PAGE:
True enemies are most often the stuff of epic tales and movies. But in real life, our enemies are subtler; many times, they’re unknown to most. For decades, one of PLF’s enemies has been a legal precedent called Williamson County. And during this Supreme Court session, PLF Senior Attorney Dave Breemer finally defeated it.
This saga began in 1985 when the Supreme Court took up Williamson County v. Hamilton Bank. The case involved a landowner who sued the county after zoning restrictions made it impossible for him to feasibly use his property. The Supreme Court took the case to decide whether a regulation can be so onerous that it “takes” land—meaning that the government must pay the landowner under the Takings Clause of the Fifth Amendment to the Constitution. But after the Court took up the case, it realized it didn’t know what to do with it. So the Court punted and made up a new legal doctrine that stated landowners cannot challenge regulations as takings unless and until they first try the case out in a state court.
Since that 1985 decision, landowners have been blockaded from filing property rights claims in federal court. What’s more, in a later 2005 decision, San Remo Hotel v. San Francisco, the Court piled on with a legal catch-22, saying that if a landowner files a lawsuit first in state court, as instructed in Williamson County, it’s too late to file in federal court. But several of the justices expressed misgivings about this doctrine and wrote that it might be time to revisit Williamson County and overturn it if the right case came along.
Since that 2005 decision, Pacific Legal Foundation attorneys, led by Dave Breemer, have tried nearly a dozen times to bring that right case before the Court. It hasn’t been easy—but no epic battle is. The Supreme Court takes only one to two percent of the cases brought before it. Over the years we’ve had countless landowners come to PLF looking for some solution to their problems with Williamson County.
PLF, and Dave personally, heard from so many people who were shut out of the federal courts after a state or local agency destroyed their property rights through excessive regulations, permit denials, or even just the refusal to act on permit applications. PLF and Dave were happy to take these cases and fight alongside our clients. But time after time, the federal courts refused to hear a case after the state courts would or could provide no relief. All because of Williamson County.
Enter Rose Knick from rural Pennsylvania.
When Scott Township in Pennsylvania decided to pass an ordinance allowing people to trespass on Rose’s land, they likely didn’t know it would wind up at the Supreme Court. And when PLF took Rose’s case and she met Dave—her self-proclaimed “guardian angel”—little did she know that together they would be the catalyst for overturning over three decades of bad law.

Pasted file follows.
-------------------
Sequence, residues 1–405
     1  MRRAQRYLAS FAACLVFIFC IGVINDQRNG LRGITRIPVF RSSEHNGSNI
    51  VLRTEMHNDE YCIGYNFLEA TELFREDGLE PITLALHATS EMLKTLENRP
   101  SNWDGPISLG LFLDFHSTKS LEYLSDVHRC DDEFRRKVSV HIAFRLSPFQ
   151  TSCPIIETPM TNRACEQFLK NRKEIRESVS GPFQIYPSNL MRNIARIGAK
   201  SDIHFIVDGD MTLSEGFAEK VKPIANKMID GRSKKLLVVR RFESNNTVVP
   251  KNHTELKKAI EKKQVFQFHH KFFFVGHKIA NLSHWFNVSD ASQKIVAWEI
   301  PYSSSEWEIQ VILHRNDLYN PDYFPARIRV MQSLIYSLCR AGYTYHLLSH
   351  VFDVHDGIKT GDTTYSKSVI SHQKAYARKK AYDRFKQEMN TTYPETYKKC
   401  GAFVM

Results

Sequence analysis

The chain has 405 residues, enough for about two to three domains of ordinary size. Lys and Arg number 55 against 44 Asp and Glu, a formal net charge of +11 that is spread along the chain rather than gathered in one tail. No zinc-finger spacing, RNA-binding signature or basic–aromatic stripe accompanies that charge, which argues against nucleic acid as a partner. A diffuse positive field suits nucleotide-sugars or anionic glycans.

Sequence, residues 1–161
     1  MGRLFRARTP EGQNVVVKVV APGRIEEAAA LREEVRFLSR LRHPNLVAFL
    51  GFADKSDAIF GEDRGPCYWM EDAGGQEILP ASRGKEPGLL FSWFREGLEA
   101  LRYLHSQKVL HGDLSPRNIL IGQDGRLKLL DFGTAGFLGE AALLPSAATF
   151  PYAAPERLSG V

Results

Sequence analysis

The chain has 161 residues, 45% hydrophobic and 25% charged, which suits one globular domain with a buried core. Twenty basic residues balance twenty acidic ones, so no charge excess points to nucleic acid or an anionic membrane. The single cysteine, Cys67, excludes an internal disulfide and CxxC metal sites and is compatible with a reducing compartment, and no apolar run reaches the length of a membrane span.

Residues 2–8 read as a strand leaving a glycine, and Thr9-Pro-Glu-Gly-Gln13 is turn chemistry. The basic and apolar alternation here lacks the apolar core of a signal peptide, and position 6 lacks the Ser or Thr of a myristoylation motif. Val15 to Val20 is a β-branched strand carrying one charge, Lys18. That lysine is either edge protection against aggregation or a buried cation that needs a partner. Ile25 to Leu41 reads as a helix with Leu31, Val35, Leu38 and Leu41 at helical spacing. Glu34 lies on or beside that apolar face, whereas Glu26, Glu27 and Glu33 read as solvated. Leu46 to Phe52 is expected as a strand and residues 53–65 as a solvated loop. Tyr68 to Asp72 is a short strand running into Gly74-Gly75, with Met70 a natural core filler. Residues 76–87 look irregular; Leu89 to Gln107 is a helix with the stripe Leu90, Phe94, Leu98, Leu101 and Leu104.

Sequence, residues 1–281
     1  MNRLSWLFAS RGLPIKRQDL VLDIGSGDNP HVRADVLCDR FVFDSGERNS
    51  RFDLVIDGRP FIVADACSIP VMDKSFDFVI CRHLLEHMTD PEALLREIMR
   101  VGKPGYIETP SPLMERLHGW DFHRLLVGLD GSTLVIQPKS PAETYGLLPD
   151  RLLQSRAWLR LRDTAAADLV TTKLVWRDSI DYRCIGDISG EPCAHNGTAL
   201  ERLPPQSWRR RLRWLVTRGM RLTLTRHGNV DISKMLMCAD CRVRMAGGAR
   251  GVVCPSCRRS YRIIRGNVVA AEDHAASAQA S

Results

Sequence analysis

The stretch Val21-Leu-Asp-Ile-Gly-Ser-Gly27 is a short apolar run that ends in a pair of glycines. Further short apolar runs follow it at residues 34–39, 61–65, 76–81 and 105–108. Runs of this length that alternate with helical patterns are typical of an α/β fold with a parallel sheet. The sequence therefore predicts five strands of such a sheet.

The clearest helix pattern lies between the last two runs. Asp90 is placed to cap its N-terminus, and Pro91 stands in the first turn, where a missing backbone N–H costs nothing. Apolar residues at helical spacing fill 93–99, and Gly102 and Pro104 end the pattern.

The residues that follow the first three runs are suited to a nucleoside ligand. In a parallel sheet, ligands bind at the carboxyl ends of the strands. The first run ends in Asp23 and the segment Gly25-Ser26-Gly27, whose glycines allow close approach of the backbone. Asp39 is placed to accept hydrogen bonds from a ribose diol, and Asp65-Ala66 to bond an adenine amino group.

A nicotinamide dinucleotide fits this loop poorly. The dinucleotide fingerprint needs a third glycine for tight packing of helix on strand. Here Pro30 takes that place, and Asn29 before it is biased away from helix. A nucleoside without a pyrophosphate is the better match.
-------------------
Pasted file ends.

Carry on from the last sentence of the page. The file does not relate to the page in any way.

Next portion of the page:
But finally, with a 5-4 decision in Knick v. Township of Scott on June 21, 2019, Rose, Dave, PLF, and thousands of property owners across the country had vindication.
It’s about time. For decades, people have been able to go to federal court when a state or local government deprives them of any constitutional right, except one—the right to enjoy and use private property.
But that is the past. As Justice Roberts put it in the Knick opinion, the Court has restored “takings claims to the full-fledged constitutional status the Framers envisioned when they included the Clause among the other protections in the Bill of Rights.” Knick will give property owners the same choice of forum for federal takings claims that state and local governments have always had in defending those claims: state or federal court.
PLF attorneys—led by Dave—have filed more petitions to the Court on this issue than anyone else combined. We have spent countless hours teeing this issue up for the Court. We have strategized, mooted, written articles, briefed, and given speeches on this issue for decades.
And now, together with quiet, humble Rose Knick, we’re victorious.
Our job is far from over, though. We will defend this victory and make sure that state and local regulators across the nation, as well as federal courts, take it seriously. If a landowner thinks their property is taken like Rose did, that landowner can now go straight to federal court. This victory will put teeth on the Takings Clause because local and state governments can no longer be assured that their transgressions will be buried by an overly friendly local court system.
And most importantly for Rose, her case will now be heard by a federal court. Scott Township will have to think very hard about what it is doing to her.
Not every epic tale has a happy ending. But every so often, those truly special victories come along and all those battle scars and years fighting are made worth it. All of us at PLF are grateful to the dedicated people like Dave Breemer and all our attorneys who fight despicable laws like Williamson County.
Add Knick to the victory column for property rights.
Write “defeated” next to Williamson County.